Inscrição na biblioteca: Guest
Portal Digital Begell Biblioteca digital da Begell eBooks Diários Referências e Anais Coleções de pesquisa
Critical Reviews™ in Therapeutic Drug Carrier Systems
Fator do impacto: 2.9 FI de cinco anos: 3.72 SJR: 0.736 SNIP: 0.818 CiteScore™: 4.6

ISSN Imprimir: 0743-4863
ISSN On-line: 2162-660X

Volumes:
Volume 37, 2020 Volume 36, 2019 Volume 35, 2018 Volume 34, 2017 Volume 33, 2016 Volume 32, 2015 Volume 31, 2014 Volume 30, 2013 Volume 29, 2012 Volume 28, 2011 Volume 27, 2010 Volume 26, 2009 Volume 25, 2008 Volume 24, 2007 Volume 23, 2006 Volume 22, 2005 Volume 21, 2004 Volume 20, 2003 Volume 19, 2002 Volume 18, 2001 Volume 17, 2000 Volume 16, 1999 Volume 15, 1998 Volume 14, 1997 Volume 13, 1996 Volume 12, 1995

Critical Reviews™ in Therapeutic Drug Carrier Systems

DOI: 10.1615/CritRevTherDrugCarrierSyst.2014011104
pages 531-557

Gastroretentive Drug Delivery Systems for Therapeutic Management of Peptic Ulcer

Tarun Garg
Department of Pharmaceutics, ISF College of Pharmacy, Moga, Punjab, India
Animesh Kumar
M. Pharm
Goutam Rath
Department of Pharmaceutics, ISF College of Pharmacy, Moga, Punjab, India; Punjab Technical University, Kapurthala, Punjab, India
Amit Kumar Goyal
Department of Pharmaceutics, ISF College of Pharmacy, Moga (Punjab), India; Punjab Technical University, Kapurthala, Punjab, India

RESUMO

A peptic ulcer, stomach ulcer, or gastric ulcer, also known as peptic ulcer disease (PUD), is a very common chronic disorder of the stomach which is mainly caused by damage or impairment of the stomach lining. Various factors such as pepsin, gastric acid, H. pylori, NSAIDs, prostaglandins, mucus, bicarbonate, and blood flow to mucosa play an important role in causing peptic ulcers. In this review article, our main focus is on some important gastroretentive drug delivery systems (GRDDS) (floating, bioadhesive, high density, swellable, raft forming, superporous hydrogel, and magnetic systems) which will be helpful in gastroretention of different dosage forms for treatment of peptic ulcer. GRDDS provides a mean for controlled release of compounds that are absorbed by active transport in the upper intestine. It also enables controlled delivery for paracellularly absorbed drugs without a decrease in bioavailability. The above approaches are specific for targeting and leading to a marked improvement in the quality of life for a large number of patients. In the future, it is expected that they will become of growing significance, finally leading to improved efficiencies of various types of pharmacotherapies.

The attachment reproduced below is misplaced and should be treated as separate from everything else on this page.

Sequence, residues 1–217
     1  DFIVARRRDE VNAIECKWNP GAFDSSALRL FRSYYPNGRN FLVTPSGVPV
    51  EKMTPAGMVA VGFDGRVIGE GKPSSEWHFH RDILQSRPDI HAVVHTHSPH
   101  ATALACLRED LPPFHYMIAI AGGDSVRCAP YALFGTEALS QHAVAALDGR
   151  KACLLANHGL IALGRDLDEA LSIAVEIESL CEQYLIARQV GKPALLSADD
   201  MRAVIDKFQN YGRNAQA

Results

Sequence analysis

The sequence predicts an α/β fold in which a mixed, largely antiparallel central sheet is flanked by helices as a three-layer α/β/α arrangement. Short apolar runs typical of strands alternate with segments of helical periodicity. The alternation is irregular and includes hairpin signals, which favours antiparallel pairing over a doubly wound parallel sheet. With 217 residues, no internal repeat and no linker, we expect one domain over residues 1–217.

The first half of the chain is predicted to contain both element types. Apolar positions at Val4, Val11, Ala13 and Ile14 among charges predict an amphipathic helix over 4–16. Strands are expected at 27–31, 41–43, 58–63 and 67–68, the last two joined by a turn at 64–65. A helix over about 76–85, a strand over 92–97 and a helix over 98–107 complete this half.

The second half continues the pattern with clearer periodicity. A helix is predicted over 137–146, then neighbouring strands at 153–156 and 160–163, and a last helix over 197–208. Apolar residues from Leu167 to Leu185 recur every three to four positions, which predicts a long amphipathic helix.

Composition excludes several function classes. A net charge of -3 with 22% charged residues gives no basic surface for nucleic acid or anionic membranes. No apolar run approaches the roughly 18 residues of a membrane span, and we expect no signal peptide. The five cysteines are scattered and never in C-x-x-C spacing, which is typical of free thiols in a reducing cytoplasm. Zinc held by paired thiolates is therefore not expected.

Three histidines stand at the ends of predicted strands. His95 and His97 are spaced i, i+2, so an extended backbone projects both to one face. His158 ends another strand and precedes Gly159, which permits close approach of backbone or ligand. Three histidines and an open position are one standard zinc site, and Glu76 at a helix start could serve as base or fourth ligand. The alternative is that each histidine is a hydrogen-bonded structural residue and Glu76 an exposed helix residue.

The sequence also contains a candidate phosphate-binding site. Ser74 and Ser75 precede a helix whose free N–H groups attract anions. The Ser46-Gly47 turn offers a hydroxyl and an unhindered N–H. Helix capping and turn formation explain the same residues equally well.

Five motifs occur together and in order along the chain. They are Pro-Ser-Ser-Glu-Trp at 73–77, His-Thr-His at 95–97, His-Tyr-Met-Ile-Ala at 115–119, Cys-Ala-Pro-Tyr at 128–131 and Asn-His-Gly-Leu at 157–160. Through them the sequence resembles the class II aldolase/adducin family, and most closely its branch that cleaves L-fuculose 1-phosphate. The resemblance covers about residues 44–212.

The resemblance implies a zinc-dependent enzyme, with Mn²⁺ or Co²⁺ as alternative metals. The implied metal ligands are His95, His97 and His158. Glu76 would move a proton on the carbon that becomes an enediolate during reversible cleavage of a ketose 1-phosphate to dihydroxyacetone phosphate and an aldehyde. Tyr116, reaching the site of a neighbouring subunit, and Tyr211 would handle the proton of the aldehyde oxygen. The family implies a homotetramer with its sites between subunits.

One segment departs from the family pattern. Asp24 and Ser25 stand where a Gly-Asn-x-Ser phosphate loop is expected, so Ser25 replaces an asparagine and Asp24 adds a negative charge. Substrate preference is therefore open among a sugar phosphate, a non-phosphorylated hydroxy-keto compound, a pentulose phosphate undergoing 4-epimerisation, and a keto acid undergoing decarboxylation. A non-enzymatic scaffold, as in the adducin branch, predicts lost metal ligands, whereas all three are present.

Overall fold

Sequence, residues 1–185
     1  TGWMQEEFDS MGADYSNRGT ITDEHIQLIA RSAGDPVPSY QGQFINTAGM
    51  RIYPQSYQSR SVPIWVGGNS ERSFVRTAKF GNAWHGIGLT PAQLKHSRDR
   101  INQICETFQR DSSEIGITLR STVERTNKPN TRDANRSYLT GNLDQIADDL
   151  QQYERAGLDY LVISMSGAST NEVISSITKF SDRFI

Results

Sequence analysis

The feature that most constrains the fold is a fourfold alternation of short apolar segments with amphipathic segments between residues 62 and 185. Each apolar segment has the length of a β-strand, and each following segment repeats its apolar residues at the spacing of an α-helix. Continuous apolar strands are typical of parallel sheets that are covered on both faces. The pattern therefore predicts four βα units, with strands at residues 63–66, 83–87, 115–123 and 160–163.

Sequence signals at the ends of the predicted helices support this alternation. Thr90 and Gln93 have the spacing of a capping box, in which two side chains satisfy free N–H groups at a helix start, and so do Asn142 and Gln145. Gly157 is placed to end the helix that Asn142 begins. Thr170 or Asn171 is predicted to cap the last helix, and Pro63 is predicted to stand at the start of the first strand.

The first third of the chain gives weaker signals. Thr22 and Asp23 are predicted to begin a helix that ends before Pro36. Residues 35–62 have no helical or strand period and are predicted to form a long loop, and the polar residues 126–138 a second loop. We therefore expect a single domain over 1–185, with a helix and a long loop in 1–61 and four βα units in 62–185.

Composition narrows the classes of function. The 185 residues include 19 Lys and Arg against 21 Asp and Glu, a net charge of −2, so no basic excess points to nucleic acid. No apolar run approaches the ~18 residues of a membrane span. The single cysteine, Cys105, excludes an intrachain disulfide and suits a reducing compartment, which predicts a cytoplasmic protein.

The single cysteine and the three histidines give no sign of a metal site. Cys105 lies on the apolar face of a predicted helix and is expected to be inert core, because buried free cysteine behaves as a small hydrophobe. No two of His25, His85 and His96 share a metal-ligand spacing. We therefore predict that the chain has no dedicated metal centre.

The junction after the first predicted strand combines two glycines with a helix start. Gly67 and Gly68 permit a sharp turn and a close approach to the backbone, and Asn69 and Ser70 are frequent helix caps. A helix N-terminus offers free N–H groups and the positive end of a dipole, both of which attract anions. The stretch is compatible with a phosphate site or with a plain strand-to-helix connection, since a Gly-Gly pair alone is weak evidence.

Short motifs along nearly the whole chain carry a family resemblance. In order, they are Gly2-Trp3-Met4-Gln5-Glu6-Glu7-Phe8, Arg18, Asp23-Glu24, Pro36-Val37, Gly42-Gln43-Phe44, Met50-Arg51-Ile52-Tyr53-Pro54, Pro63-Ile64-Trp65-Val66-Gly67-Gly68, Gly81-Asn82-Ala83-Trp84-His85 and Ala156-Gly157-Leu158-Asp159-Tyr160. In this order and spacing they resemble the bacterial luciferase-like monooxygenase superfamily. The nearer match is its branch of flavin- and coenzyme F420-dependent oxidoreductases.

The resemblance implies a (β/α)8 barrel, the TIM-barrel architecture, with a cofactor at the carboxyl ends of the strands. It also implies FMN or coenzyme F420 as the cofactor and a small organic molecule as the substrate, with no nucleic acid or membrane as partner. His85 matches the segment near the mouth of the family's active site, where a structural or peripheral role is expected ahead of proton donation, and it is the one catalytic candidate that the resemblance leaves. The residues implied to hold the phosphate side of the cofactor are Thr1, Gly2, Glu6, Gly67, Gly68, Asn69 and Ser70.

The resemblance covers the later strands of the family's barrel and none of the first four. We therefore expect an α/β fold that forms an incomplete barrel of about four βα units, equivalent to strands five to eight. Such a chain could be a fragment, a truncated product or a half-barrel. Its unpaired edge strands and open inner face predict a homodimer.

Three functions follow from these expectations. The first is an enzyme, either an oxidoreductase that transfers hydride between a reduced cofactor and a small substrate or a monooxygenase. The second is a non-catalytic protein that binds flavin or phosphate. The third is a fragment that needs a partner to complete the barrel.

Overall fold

Articles with similar content:

Mucoadhesion and the Gastrointestinal Tract
Critical Reviews™ in Therapeutic Drug Carrier Systems, Vol.25, 2008, issue 3
Joao J. S. Sousa, Abdul W. Basit, Emma L. McConnell, Felipe J. O. Varum, Francisco Veiga
Overview on Therapeutic Applications of Microparticulate Drug Delivery Systems
Critical Reviews™ in Therapeutic Drug Carrier Systems, Vol.33, 2016, issue 4
Swarna Bale, Mandip Singh, A. Shiva Shankar Reddy, Amit Khurana, Chandraiah Godugu
Lipid Nanoparticles for Nasal/Intranasal Drug Delivery
Critical Reviews™ in Therapeutic Drug Carrier Systems, Vol.34, 2017, issue 3
S. Cunha, M. H. Amaral, J. M. Sousa Lobo, Ana C. Silva
Immunotoxicity of Therapeutic Antibodies and Nanoparticles
Critical Reviews™ in Immunology, Vol.40, 2020, issue 1
Nadire Özenver, Thomas Efferth
Inhalational Drug Delivery in Pulmonary Aspergillosis
Critical Reviews™ in Therapeutic Drug Carrier Systems, Vol.36, 2019, issue 3
Charan Singh, Amit K. Goyal, Ripandeep Kaur, Kamalinder K. Singh, Ranjot Kaur, Bhupinder Singh, Shahdeep Kaur